Leroy Neiman Gallery, 310 Dodge Hall, 2960 Broadway, New York, NY 10027
This exhibition is designed to commemorate the 400-year anniversary of the first documented arrival of Africans landing at the Jamestown settlement in 1619. Curated by Kalia Brooks Nelson, Adjunct Professor with IRAAS in the African American and African Diaspora Studies Program, it will coincide with the IRAAS 1619 conference, and serve as a site to explore this history through images, documents, archival materials and contemporary art. Jamestown was the first permanent English settlement in the United States. At the time of British occupation, Virginia was the indigenous homeland of the Powhatan people. When the first documented Africans arrived in the contested ground of British colony in 1619, they were recorded as “20 and odd Negroes,” who disembarked from an English pirate ship flying a Dutch flag.
Leroy Neiman Gallery
Columbia University – School of the Arts 2960 roadway Suite 310
New York, NY 10027
Miller Theater 2960 Broadway
New York, NY 10027
Site-specific installation by Adama Delphine Fawundu More⇒
These Africans represent the collateral of European Imperialism, and a small part of the massively lucrative, international systems of exchange (goods, services, currency, resources and labor) that facilitated the dominance of the Atlantic World from the 16th through 20th centuries. As such, they signify the integral importance of Western Africa in the development and prosperity of the New World, and more specifically the central role of Africans in transforming what would become the United States into a political, cultural and economic world power.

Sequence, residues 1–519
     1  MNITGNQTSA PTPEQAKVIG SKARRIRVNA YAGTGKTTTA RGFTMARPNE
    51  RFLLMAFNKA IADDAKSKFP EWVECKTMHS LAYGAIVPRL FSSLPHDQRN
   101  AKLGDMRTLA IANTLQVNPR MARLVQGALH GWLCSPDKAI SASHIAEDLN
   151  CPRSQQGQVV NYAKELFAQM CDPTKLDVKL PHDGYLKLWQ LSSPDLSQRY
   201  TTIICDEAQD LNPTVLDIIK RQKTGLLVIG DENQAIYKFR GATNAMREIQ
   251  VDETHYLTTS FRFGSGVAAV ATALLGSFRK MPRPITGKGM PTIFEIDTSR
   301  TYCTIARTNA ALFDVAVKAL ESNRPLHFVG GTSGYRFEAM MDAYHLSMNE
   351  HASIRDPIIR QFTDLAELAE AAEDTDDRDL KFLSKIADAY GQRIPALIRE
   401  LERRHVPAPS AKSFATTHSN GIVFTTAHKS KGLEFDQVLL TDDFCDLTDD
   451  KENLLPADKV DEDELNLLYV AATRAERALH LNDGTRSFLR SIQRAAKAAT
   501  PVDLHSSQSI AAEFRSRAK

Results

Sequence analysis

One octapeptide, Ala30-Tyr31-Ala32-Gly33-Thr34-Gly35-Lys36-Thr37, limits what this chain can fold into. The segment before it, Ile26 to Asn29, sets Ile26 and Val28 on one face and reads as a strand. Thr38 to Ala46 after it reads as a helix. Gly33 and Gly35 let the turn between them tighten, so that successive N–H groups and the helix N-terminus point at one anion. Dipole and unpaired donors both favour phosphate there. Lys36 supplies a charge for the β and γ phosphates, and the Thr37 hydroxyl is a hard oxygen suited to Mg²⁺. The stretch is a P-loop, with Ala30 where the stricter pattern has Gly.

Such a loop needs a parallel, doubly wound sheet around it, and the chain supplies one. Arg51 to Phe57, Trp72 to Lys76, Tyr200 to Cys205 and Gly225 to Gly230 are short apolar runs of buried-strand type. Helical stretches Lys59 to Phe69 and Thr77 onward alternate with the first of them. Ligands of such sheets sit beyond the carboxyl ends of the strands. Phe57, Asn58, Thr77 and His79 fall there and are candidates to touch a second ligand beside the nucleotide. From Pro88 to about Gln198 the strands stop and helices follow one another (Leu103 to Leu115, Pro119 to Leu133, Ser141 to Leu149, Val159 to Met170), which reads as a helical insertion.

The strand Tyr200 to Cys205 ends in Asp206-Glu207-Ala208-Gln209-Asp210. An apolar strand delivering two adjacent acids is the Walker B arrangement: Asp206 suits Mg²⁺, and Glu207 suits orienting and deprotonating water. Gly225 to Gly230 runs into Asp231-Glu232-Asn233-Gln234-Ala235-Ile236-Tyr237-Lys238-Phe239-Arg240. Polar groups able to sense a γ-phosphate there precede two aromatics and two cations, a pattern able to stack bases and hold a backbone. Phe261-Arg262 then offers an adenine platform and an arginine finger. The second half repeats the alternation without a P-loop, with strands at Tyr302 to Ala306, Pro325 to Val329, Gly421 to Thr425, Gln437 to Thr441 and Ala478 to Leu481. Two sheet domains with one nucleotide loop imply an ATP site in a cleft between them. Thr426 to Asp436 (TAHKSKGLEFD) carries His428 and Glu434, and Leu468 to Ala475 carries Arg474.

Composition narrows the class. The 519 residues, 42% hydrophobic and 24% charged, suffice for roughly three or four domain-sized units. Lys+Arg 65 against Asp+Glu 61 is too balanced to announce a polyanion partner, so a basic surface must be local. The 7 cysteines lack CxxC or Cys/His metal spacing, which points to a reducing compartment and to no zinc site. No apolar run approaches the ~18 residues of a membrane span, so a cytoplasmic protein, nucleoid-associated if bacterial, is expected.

This exhibition contains artworks and reproductions of archival materials. Using the collections at Columbia University’s Art Properties and Rare Book and Manuscript Library – as well as collections and archives at New York Public Library and the Library of Congress, the exhibition identifies key materials that locate Africans within early accounts of the colonial project that would become the United States, and provide insight on what the texture of life would have been like for Africans in the conflicted space of the New World. These archival materials are the basis from which to consider contemporary art that reflects attitudes, agreements, discord, popular culture and personal accounts about Africa and the descendants of African people as foundational actors in the emergence of the Atlantic World. Artists in the exhibition include: Thomas Askew, Sanford Biggers, Adama Delphine Fawundu, Pamela Phatsimo Sunstrum, Hank Willis Thomas, Paula Wilson and Hale Woodruff.
Curator talk with Sanford Biggers:
Wednesday, September 25, 2019 5p – 6p
612 Schermerhorn Hall Columbia University
Wednesday, September 25, 2019 6p – 8p
Leroy Neiman Gallery
AAADS Conference 1619 and its Legacies:
September 26 – 27, 2019
Kalia Brooks Nelson, PhD, is a New York based educator, curator, consultant, and arts administrator. She is currently an Adjunct Professor in the African American and African Diaspora Studies Department at Columbia University. Her research is at the intersection of art theory, race, gender and imaging technologies. Brooks Nelson holds a PhD in Aesthetics and Art Theory from the Institute for Doctoral Studies in the Visual Arts. She received her MA in Curatorial Practice from the California College of the Arts in 2006, and was a Helena Rubinstein Fellow in Critical Studies at the Whitney Independent Study Program 2007/2008. She is co-editor of Women and Migration: Responses in Art and History published in 2019 by Open Book Publishers, Cambridge, UK. She has served as a consulting curator with the City of New York through the Department of Cultural Affairs and Gracie Mansion Conservancy. Brooks Nelson is also currently an ex-officio trustee on the Board of the Museum of the City of New York.